Thursday, March 13, 2008

What can brown do for you? terminology load side

So last time I gave some terminology about the unload/sort. Now I will focus in on load side.

There are two main belts on load slide, belt-to-car and slide-to-car. Pens 1, 4, 5, 8, & 9 were slide to car. Pens 8 & 9 were rare because they were the only slide to car belts next to each other. Literally, pen 9 was above pen 8. On a slide to car you have a pick off who waits for the packages to come down the belt and he pushes or pulls them to smaller belts that go to the loaders. The loaders had the return belt under them. This belt also carried bulk. So if they missed the bulk it would end up in the sort aisle. Now a slide to car belt could take theoretically take more volume because the packages could sit on the slide. One last thing about the slide to car pens, since they had direct access to the return belts, the air cans were usually unloaded on them. Air cans were full of next day air from sunrise or late planes. Normally there were two air cans and most of the time they were unloaded on pen 9. In my 5 years there, I can only recall 3 times that the air cans didn't come down pen 9's return belt. Two times when the return belt was overloaded with packages. Once during peak season when there was no room for the air cans on the belt. Once again, this was a reason that the return belts needed to stay on and doors 7 & 13 needed to stay clean throughout the night in the sort aisle.

On a belt to car you had a single belt with about 5-7 cars on either side. The person/persons in the front is called a splitter. Because the splitter just had to push or pull packages to either side of the belt. As the package went down the belt the loader would look for his package and then load it. Belt to car loaders needed to be faster I felt because the packages were constantly moving along the belt. You always wanted to stay ahead of you work and not fall behind. There is no return belt on the belt to car pens. All missorts usually just piled up at the end of the belt...made it look really ugly. I changed that on my belt (now that's a hook...not a good hook but a hook). Bulk was put on the belt by bulk drivers, which posed a problem sometimes because it was hard to get the packages up to the belt. The interesting thing about the belt to car pens was that you could turn off the belt on the pen separately from the belt moving packages from the sort aisle...or both at once.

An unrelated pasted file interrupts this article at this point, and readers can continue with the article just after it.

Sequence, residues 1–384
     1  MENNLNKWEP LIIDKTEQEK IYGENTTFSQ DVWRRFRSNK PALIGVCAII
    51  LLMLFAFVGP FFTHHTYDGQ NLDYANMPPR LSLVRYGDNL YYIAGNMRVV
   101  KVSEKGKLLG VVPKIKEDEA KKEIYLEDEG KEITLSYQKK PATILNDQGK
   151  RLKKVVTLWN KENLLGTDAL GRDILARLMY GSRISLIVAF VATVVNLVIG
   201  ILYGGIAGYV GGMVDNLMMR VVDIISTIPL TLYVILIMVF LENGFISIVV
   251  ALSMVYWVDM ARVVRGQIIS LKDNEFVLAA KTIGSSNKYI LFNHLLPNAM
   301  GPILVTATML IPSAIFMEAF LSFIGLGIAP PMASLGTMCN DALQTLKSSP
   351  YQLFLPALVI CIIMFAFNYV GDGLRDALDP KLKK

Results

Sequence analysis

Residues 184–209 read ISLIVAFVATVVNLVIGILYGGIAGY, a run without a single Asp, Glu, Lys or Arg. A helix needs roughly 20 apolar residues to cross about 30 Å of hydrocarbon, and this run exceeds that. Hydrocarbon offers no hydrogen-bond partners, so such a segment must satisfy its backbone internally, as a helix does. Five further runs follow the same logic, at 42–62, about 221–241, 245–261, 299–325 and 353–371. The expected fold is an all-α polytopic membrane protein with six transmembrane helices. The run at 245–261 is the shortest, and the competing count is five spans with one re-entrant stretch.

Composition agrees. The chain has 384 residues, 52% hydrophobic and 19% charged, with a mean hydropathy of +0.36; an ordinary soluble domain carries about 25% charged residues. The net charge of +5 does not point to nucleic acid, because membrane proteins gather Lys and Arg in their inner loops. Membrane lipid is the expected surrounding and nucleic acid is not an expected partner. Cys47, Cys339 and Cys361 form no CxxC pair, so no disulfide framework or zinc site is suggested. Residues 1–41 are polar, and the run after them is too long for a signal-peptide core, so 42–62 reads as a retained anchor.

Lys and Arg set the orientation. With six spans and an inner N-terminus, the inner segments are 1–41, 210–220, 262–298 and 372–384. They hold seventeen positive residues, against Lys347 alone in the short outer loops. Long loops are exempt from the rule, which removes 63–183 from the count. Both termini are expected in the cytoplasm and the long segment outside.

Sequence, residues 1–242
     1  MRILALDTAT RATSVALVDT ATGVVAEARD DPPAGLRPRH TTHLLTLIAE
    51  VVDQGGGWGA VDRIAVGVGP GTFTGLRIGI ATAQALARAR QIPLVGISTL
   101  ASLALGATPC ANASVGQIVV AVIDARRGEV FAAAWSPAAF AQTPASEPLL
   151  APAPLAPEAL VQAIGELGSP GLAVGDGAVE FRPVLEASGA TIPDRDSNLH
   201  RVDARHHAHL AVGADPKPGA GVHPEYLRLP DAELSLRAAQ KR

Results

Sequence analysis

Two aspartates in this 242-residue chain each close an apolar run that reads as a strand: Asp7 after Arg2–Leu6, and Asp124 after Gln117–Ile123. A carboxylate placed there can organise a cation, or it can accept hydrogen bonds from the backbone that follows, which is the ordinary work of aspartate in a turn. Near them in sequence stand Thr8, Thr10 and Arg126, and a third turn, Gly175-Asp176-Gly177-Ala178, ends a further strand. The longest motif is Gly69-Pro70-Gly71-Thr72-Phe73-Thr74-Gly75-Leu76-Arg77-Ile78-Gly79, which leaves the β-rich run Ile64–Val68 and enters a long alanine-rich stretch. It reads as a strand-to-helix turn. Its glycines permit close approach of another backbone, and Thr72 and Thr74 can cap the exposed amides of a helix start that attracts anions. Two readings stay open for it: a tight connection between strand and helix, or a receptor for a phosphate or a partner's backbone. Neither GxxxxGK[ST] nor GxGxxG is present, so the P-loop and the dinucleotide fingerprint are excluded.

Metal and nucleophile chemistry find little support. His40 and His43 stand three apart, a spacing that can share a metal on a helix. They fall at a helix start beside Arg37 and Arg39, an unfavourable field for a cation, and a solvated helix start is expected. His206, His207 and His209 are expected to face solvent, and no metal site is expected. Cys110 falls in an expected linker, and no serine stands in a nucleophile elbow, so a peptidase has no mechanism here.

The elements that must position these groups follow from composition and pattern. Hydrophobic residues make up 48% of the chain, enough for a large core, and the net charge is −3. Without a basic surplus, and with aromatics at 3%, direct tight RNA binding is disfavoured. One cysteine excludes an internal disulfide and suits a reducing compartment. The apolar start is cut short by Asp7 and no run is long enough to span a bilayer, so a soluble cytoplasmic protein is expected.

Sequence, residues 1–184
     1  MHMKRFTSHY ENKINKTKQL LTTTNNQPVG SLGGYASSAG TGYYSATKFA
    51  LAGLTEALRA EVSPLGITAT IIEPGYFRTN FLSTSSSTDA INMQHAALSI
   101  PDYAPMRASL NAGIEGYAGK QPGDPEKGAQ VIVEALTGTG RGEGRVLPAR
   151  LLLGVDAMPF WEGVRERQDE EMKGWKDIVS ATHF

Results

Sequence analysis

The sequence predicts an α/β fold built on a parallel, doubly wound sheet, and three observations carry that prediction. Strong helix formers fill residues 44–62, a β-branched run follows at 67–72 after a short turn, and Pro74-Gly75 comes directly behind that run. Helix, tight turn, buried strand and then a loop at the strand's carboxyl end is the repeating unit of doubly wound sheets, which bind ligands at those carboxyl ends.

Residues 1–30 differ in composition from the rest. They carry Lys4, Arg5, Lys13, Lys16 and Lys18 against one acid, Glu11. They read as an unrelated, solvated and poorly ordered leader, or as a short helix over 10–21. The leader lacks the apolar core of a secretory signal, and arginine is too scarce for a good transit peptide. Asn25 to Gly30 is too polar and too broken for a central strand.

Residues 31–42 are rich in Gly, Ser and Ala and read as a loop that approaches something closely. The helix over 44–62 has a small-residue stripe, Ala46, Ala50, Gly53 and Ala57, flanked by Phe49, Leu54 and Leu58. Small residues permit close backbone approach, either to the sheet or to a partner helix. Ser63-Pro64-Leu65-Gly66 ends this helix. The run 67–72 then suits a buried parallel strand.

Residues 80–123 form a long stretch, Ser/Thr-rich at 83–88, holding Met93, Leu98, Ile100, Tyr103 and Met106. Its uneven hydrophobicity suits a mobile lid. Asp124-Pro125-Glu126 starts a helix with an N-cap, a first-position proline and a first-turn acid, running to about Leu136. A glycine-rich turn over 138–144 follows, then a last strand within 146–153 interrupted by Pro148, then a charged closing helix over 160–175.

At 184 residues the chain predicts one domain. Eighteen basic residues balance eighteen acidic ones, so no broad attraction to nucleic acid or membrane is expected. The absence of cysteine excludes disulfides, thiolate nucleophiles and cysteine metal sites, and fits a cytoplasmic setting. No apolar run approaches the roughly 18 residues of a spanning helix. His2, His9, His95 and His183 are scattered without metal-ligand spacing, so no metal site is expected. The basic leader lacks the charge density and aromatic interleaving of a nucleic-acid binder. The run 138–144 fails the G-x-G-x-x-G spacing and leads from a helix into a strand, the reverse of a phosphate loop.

On load side, supervisors had to take hourly stop counts. Drivers had a target for stop counts. Meaning that if they had a planned day of 80 stops and they were only at 10 after 1 hour, you as the supervisor would have to "take" work from another driver that was heavy that day. It got confusing sometimes. And to be honest in all my time on loadside I moved the work around maybe 4 times. We would wait until the on-road supervisors showed up (usually around 7 am).

Drivers began to leave the building at 9 am because of next day air. So you never wanted to be around if there was a lot of packages left out. No matter how hard a load sup tried, we never got out until after 9:30 usually closer to 10. When we were in the back...9 was a late day. Yet, we all needed to come in at the same time...fair? Nope, which is what cause a lot of our problems.

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